Tom Paxton: Best - The Elektra Years
Artikeleigenschaften von Tom Paxton: Best - The Elektra Years
|Paxton, Tom - Best - The Elektra Years CD 1|
|01||I Can't Help But Wonder Where I'm Bound|
|02||What Did You Lean In School Today|
|03||The Last Thing On My Mind|
|05||My Lady's A Wild, Flying Dove|
|06||Goin' To The Zoo|
|08||The Willing Conscript|
|09||Lyndon Johnson Told The Nation|
|10||Bottle Of Wine|
|13||My Son, John|
|14||One Time And One Time Only|
|16||Victoria Dines Alone|
|17||All Night Long|
|19||Whose Garden Was This|
|22||Now That I've Taken My Life|
|23||Talking Vietnam Potluck Blues|
|25||The Marvelous Toy|
|26||Jennifer's Rabbit/I Give You The Morning|
Thomas Richard 'Tom' Paxton was among the group of New York-based singer/songwriters who helped start the early '60s folk revival. Born in Chicago on October 31, 1937, Paxton grew up in Arizona. He discovered folk music when he heard Burl Ives singing traditional songs such as Blue Tail Fly and Big Rock Candy Mountain. While at the University of Oklahoma he was introduced to the more topical folk music of Woody Guthrie and The Weavers.
Paxton joined the U.S. Army after graduation and was fortunate to be sent to Fort Dix, New Jersey for schooling. Being only about 60 miles from New York meant that he was able to spend many weekends in Greenwich Village, meeting other folk singers and performing at the Gaslight Café. Paxton was also writing songs at this time, some of his lighthearted tunes such as The Marvelous Toy and What Did You Learn In School Today quickly being picked by artists such as Malvina Reynolds, Pete Seeger and The Chad Mitchell Trio.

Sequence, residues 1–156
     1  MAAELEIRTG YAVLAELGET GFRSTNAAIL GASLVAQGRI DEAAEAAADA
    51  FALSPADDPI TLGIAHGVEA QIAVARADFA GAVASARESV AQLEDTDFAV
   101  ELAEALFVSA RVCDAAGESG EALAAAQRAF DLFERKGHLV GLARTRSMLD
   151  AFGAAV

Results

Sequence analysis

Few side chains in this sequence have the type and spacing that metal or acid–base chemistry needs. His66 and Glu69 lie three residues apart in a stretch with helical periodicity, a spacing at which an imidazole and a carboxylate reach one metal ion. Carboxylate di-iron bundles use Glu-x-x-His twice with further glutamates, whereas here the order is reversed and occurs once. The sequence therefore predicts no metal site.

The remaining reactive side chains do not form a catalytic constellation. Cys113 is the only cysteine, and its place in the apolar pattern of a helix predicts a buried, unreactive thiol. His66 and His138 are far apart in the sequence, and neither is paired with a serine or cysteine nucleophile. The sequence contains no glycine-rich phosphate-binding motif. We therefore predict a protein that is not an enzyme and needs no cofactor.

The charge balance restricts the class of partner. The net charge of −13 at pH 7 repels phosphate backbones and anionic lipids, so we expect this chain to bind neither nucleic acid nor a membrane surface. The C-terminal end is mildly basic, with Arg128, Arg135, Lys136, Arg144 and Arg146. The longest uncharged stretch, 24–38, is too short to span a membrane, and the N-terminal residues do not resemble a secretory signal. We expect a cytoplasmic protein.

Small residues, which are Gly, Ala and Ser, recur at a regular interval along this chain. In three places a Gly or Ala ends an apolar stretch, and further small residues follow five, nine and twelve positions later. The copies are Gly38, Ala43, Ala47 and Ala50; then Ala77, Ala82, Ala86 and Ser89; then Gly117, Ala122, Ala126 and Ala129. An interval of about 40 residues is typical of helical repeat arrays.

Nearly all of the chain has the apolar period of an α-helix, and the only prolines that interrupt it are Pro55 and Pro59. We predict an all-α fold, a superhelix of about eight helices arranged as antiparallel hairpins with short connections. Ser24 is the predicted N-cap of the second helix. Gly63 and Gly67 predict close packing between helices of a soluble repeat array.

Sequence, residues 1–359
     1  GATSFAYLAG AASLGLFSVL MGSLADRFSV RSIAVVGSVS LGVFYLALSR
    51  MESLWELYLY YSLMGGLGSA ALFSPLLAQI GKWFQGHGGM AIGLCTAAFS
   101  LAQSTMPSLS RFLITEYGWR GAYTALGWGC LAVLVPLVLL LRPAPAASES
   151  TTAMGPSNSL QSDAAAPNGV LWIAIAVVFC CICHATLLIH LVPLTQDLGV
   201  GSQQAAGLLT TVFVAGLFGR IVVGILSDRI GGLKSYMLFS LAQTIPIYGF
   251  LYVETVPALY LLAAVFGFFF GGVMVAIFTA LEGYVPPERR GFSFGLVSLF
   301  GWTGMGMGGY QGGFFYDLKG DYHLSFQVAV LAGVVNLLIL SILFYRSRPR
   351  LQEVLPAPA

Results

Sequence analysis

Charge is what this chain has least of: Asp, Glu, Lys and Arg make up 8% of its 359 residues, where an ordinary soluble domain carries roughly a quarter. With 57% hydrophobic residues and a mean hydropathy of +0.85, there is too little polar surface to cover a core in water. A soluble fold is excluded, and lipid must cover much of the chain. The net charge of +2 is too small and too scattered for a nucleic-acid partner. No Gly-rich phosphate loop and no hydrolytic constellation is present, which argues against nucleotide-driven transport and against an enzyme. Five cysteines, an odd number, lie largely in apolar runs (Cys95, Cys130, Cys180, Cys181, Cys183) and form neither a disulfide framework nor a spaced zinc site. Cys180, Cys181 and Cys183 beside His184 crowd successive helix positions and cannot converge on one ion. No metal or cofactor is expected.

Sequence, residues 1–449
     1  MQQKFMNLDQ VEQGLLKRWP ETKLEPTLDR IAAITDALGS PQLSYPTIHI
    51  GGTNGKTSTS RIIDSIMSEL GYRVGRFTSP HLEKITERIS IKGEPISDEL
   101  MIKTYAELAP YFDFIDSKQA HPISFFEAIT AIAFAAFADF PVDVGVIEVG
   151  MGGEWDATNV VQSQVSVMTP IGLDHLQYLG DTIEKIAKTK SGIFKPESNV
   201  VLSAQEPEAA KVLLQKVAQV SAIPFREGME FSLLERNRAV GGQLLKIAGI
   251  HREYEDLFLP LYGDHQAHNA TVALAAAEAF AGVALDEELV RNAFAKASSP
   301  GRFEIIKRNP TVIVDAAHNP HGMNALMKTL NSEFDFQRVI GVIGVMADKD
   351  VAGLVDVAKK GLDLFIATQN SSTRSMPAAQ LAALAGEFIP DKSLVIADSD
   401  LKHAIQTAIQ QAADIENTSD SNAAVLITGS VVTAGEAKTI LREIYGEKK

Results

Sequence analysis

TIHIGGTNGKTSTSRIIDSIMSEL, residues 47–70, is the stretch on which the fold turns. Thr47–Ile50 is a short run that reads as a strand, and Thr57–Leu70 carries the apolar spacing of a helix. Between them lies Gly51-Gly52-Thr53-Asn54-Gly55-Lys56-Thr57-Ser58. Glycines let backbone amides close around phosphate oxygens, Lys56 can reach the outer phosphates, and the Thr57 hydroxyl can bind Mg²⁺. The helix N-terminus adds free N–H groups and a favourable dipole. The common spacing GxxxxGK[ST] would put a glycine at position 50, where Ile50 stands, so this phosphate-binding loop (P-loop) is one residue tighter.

School… was written well before the Tonkin Gulf Resolution, so in retrospect its lyrics seem prescient for the decade that followed. According to Paxton, children were being taught that war is not so bad, that soldiers seldom die, that "our government must be strong" and that "it's always right and never wrong." When these teachings bumped into the reality of the Vietnam War, many young people lost faith in their elders, teachers and government. Paxton's own take on School…was that an effective topical song should "use a little irony, a little tongue-in-cheek."
By 1964 Paxton and his music became deeply involved in the pressing social issues of civil rights and the war. He took part in '64's Freedom Summer and sang at voter registration drives. Goodman, Schwerner And Cheney was his tribute to the three slain civil rights activists. With regard to the widening conflict in Southeast Asia, The Willing Conscript [Disc 1 as sung by Pete Seeger], Talking Vietnam Potluck Blues and Lyndon Johnson Told The Nation [Disc 1] are but three of his anti-war songs.
Various - History Next Stop Is Vietnam 1961-2008 (13-CD)
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